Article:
• by Mr2001 (90979)
          The scroll wheel is the iPod's main flaw! The Zune has directional buttons, which you can press once to move one step at a time, or hold down to move a long way. That's more efficient than always scrolling past the item you want and then having to s-l-o-w-l-y scroll back to it.
          • by LKM (227954)

            The scroll wheel is the iPod's main flaw! The Zune has directional buttons, which you can press once to move one step at a time, or hold down to move a long way. That's more efficient than always scrolling past the item you want and then having to s-l-o-w-l-y scroll back to it.

            Yeah, you're right, if you're slowly going down one item at a time, you're unlikely to overshoot your target.

            Seriously, though, your answer simply makes no sense. Are you arguing that slow is better, or that fast is better? Becaus

            • by Mr2001 (90979)

              Seriously, though, your answer simply makes no sense. Are you arguing that slow is better, or that fast is better? Because the scroll wheel can do both.

              I'm arguing that discrete is better. With buttons, if you press once, the pointer moves one stop. If you press three times in rapid succession, the pointer moves three stops. If you want to move a long distance, you hold it down until typematic takes over.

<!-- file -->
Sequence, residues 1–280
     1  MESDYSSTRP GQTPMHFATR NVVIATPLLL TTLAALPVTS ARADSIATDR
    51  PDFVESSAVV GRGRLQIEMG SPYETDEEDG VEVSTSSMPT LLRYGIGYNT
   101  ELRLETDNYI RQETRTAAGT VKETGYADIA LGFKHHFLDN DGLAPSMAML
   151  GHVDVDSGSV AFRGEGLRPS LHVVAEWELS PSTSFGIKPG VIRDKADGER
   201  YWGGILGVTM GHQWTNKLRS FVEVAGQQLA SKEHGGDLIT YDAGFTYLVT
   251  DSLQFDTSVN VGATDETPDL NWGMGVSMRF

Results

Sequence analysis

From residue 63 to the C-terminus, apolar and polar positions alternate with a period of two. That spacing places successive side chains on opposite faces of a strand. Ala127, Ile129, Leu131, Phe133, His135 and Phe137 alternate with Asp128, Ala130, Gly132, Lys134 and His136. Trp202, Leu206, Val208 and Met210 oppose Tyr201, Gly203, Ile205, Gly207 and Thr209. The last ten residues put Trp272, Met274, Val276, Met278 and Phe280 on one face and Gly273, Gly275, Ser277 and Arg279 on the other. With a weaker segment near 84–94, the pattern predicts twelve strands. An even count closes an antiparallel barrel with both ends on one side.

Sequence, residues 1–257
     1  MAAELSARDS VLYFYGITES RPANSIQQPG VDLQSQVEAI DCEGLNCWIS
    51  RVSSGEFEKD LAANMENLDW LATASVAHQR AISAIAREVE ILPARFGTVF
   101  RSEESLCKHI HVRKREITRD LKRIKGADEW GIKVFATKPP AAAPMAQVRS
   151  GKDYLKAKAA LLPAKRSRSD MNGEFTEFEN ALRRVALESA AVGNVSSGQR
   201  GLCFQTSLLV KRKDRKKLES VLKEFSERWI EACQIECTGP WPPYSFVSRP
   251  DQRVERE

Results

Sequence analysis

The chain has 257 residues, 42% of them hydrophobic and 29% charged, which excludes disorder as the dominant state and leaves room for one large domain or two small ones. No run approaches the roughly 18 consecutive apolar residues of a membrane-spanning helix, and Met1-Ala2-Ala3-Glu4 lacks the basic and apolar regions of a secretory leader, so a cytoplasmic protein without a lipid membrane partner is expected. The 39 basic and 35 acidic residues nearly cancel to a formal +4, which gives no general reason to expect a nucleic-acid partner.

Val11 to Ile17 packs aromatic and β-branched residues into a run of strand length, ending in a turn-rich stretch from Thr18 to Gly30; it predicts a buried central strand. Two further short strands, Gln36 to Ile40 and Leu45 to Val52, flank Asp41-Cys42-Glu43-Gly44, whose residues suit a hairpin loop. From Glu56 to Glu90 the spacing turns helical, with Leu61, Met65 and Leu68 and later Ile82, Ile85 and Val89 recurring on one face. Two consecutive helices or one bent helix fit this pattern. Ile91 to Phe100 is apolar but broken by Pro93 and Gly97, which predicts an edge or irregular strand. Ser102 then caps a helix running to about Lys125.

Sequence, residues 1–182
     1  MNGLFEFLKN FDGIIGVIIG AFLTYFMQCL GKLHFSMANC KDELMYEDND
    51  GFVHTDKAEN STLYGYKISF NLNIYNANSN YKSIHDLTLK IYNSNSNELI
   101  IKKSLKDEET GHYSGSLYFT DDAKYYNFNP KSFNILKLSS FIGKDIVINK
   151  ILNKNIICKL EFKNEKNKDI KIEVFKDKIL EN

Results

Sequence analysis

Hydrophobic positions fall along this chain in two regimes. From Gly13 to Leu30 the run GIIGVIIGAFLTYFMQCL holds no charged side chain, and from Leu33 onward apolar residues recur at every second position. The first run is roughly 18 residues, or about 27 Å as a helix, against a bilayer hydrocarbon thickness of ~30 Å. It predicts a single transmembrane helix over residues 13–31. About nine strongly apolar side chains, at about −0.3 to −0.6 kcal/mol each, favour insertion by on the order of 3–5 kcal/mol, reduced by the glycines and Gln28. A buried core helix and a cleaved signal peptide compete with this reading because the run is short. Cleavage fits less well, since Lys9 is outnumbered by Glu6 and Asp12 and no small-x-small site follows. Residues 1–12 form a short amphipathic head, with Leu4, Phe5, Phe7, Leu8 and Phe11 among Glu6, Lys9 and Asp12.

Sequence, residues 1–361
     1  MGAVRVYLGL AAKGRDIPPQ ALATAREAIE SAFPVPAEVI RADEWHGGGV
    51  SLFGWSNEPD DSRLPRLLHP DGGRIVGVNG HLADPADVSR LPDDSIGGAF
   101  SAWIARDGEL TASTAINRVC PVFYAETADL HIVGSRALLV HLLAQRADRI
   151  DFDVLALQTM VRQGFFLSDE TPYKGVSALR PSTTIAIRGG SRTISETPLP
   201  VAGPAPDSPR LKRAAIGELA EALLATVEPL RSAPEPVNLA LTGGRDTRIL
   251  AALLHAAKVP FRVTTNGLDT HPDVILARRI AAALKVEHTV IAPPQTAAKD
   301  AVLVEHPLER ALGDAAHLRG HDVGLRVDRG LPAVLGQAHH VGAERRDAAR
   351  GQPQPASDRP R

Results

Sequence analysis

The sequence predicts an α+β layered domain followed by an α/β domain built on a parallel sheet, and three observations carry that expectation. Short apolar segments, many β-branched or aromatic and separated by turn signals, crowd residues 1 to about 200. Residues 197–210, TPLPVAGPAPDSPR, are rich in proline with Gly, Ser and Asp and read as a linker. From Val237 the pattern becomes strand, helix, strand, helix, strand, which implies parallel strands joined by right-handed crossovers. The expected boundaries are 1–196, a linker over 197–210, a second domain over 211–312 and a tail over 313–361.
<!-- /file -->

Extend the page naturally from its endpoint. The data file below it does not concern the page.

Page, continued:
The scroll wheel is either not sensitive enough (you have to move really damn slowly to get it to move just one stop at a time) or too sensitive (any average movement moves several stops at once) or again not sensitive enough (you have to move really damn

    • by mgv (198488) <Nospam.01.slash2 ... Aorg minus punct> on Tuesday January 16, 2007 @09:52PM (#17639996) Homepage Journal
      Outside of slashdot (an alternate reality where grandmothers use lunix and ogg vorbis is popular), who is criticizing fairplay? Is there anybody that doesn't think Zune is a turd?

      Not too many people.